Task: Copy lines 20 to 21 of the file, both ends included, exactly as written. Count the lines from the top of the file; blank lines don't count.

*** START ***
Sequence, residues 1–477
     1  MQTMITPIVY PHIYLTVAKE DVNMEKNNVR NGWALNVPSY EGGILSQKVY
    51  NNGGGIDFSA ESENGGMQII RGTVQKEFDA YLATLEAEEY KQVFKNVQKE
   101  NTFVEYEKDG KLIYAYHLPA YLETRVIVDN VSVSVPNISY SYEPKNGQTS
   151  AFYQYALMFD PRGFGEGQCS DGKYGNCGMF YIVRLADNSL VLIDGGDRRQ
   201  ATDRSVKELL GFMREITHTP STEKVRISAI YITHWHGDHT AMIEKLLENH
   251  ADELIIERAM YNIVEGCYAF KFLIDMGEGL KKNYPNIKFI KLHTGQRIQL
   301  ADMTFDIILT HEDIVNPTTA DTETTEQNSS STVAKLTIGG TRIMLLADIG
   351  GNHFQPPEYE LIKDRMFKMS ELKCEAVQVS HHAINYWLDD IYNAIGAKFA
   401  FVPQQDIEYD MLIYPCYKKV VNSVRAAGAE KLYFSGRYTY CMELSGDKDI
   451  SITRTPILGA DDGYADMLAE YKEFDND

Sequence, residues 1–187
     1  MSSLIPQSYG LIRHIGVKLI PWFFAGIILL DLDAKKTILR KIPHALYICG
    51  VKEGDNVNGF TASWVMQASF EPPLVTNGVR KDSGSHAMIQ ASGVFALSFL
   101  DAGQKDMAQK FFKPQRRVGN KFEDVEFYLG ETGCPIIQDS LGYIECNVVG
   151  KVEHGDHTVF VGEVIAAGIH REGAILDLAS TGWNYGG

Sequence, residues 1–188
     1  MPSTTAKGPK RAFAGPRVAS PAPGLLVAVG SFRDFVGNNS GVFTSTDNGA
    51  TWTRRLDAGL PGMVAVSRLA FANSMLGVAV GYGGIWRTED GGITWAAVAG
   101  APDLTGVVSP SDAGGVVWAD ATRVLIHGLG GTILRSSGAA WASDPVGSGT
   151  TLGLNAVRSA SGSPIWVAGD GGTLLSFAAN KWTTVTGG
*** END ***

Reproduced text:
   101  APDLTGVVSP SDAGGVVWAD ATRVLIHGLG GTILRSSGAA WASDPVGSGT
   151  TLGLNAVRSA SGSPIWVAGD GGTLLSFAAN KWTTVTGG